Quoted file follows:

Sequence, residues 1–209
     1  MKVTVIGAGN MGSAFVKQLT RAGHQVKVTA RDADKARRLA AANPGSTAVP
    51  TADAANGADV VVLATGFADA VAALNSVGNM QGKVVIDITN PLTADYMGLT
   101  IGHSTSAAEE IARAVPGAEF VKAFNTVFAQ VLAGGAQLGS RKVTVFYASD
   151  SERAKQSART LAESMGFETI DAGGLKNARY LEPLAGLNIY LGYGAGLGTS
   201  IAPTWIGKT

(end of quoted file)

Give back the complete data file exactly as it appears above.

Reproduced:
Sequence, residues 1–209
     1  MKVTVIGAGN MGSAFVKQLT RAGHQVKVTA RDADKARRLA AANPGSTAVP
    51  TADAANGADV VVLATGFADA VAALNSVGNM QGKVVIDITN PLTADYMGLT
   101  IGHSTSAAEE IARAVPGAEF VKAFNTVFAQ VLAGGAQLGS RKVTVFYASD
   151  SERAKQSART LAESMGFETI DAGGLKNARY LEPLAGLNIY LGYGAGLGTS
   201  IAPTWIGKT